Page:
A modern integration strategy is an important element in IT strategies.
Digitization leads to hyper-distributed systems, applications and services - and everything has to be integrated. In the following we explain why you need to rethink today's centralized integration approaches and renew them with decentralized technologies, processes and organizational forms.
Author: Peter Graef
Many companies in Switzerland today have central integration infrastructures: JMS messaging, MFTs, ESBs, BPM engines, etc. These technologies and the associated processes and organizational forms originate from a time when there was a desire to gain control over rampant point-to-point integrations (so-called spaghetti interfaces). Central integration at that time was the lasagne answer: well-ordered layers of integration technologies with governance principles and processes. This was organized by a central unit, the CoE (Center of Excellence) or ICC (Integration Competence Center). Finally, there was overview and control. At last, integration worked as a well embedded element in the IT strategy's master plan.
Fast forward into the here and now: Today there are good reasons for further development of the integration strategy. This is to address the increased demands for business agility, innovation and time-to-market. In addition, there are two specific drivers of change:
Systems, applications and services are becoming more numerous, they are becoming more and more fine-grained, and they all need to be integrated. Microservices architectures. Cloud. Ecosystems. You name it. In plain language: There is more and more to integrate and there is more and more work for the specialists in the central ICC. For many companies, this means that integration is on the critical path of projects. Integration becomes a bottleneck in the project business. This is made more difficult by the fact that the budgeting of integration often happens in or through the projects, i.e. the projects pay for integration and obtain the specialists (internal or external) from the ICC. This prevents the FTEs (Full Time Equivalent) and thus the costs in the ICC from rising. However, coordination is made much more difficult and the ICC becomes the plaything of constantly changing project plans and resource requirements. In the worst case, the projects themselves hoard integration expertise to be independent of the ICC and bypass the central platforms wherever possible.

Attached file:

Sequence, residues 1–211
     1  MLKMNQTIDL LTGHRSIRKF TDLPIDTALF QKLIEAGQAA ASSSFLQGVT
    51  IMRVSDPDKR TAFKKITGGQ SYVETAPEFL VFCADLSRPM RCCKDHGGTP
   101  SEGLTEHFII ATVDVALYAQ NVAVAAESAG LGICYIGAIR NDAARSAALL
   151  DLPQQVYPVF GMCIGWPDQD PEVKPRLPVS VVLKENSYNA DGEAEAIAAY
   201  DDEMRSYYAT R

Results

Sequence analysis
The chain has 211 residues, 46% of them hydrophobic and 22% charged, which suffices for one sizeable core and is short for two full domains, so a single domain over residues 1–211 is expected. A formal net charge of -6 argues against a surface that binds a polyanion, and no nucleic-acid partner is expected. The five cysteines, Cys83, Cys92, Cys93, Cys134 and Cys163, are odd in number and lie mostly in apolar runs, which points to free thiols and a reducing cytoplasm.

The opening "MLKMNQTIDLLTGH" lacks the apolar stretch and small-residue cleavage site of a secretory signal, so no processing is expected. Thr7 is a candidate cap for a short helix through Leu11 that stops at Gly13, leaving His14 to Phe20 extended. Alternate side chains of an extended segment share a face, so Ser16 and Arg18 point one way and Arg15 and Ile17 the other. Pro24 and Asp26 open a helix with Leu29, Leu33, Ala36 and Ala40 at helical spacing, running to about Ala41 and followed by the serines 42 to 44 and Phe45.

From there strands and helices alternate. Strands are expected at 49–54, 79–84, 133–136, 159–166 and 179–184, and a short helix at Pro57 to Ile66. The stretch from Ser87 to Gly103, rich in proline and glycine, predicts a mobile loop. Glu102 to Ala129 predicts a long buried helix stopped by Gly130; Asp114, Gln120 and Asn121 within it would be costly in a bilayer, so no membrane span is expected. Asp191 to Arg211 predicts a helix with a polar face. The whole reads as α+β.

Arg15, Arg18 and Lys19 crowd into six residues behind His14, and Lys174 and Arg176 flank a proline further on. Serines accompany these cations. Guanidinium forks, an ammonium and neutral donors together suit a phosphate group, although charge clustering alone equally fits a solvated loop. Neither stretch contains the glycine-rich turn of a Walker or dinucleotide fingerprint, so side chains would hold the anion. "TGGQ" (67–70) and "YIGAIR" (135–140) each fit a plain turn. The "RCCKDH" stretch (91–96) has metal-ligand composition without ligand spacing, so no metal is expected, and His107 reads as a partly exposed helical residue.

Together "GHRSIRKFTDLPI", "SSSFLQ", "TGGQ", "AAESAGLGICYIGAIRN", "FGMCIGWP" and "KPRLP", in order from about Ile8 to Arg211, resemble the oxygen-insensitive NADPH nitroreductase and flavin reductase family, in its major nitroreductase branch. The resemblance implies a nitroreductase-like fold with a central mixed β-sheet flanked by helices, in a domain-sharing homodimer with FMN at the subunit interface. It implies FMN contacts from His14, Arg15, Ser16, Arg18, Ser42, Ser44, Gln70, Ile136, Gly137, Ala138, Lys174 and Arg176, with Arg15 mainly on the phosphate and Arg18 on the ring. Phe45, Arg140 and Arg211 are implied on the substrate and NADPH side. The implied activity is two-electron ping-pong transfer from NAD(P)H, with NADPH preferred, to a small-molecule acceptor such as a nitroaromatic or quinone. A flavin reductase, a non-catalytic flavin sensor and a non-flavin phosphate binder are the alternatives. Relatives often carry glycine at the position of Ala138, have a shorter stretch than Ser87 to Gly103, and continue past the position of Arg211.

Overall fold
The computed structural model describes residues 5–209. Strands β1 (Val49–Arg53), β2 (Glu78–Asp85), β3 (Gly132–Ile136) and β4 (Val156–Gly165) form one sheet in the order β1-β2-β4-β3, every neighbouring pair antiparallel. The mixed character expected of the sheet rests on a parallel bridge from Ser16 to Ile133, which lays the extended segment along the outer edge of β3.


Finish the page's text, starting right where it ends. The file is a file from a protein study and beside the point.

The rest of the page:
With API management, Cloud Native Services or event-driven integration, integration scenarios can be realized today that were not possible at all a few years ago. This opens up new perspectives on the associated processes and forms of organization. These technological developments have been accompanied by the rise of IT engineering. Nerds are cool today. Agile and DevOps have led to significant empowerment of IT. While Gartner and other analysts have suggested the role of 'Citizen Developer' or 'Citizen Integrator', the opposite is true: IT is becoming more complex and more technical. The new generation of IT engineers welcomes this development and has no interest in centralized on-premises integration tools with proprietary technologies that can be managed via a GUI console. Instead, they are looking for modern technologies and products that enable complex integration patterns and place high demands on IT engineers, e.g. event-driven integration with Kafka, preferably in the cloud.
Anyone who wants to cope with the enormously increasing integration workload today, or who wants to exploit the great potential benefits of modern integration, must have an integration strategy:
The goal of agile integration is to increase the productivity of the developers in the project teams and to realize solutions that really decouple systems, applications and services.
Agile integration is not a product. Although it is of course also about technologies. Agile integration means that integration solutions are developed decentrally in the projects. They are then packaged in containers together with their runtime requirements and deployed to the company's central infrastructure platforms via highly automated CI/CD pipelines.
A rather catchy formulation based on the old DevOps saying "you build it, you run it" could be as follows with regard to integration.
Today the ICC team says to the project team that needs an integration solution:
Tomorrow, the Agile Integration Platform team says to the project team:
Especially the last point has enormous positive effects, because the lifecycle management of the integration solutions is decoupled from the central organization. This makes any hand-offs and waiting times as well as ticket-based communication obsolete.
Of course, not all challenges are addressed. With Agile Integration:
A modern integration strategy addresses the challenges of today's central technologies, processes and organizational forms. It formulates a value proposition for the critical ability to integrate faster and better. The potential benefits are enormous.
Do you need to rethink your integration strategy?